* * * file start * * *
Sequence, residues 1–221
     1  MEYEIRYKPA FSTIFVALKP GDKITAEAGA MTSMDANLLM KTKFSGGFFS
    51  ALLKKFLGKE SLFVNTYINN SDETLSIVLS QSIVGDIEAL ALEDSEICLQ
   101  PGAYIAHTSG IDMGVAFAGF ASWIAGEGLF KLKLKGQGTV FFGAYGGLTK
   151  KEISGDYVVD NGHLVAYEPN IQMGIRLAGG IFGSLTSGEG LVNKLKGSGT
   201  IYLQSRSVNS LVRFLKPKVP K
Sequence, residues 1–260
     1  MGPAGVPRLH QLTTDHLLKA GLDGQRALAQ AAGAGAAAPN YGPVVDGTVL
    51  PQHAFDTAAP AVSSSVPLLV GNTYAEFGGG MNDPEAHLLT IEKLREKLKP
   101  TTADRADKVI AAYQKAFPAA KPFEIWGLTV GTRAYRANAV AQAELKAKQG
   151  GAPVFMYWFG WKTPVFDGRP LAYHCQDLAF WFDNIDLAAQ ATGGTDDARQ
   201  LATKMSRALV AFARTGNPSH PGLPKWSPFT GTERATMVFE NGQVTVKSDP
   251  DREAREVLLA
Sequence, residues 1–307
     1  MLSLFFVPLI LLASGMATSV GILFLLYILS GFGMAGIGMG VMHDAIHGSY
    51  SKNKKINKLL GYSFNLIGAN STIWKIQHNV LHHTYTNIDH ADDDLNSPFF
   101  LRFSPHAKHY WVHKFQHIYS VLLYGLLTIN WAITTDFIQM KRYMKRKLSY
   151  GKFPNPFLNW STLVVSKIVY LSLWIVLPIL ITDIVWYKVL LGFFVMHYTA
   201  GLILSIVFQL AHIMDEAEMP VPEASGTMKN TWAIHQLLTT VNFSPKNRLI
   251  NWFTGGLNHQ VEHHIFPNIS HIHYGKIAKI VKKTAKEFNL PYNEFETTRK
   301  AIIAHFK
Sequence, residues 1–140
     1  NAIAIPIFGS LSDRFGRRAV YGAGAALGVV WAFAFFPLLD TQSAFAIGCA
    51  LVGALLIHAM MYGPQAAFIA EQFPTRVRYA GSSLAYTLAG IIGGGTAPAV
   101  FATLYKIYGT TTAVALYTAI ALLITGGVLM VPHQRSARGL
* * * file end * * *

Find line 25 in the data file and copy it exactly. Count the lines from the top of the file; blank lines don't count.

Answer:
   101  FATLYKIYGT TTAVALYTAI ALLITGGVLM VPHQRSARGL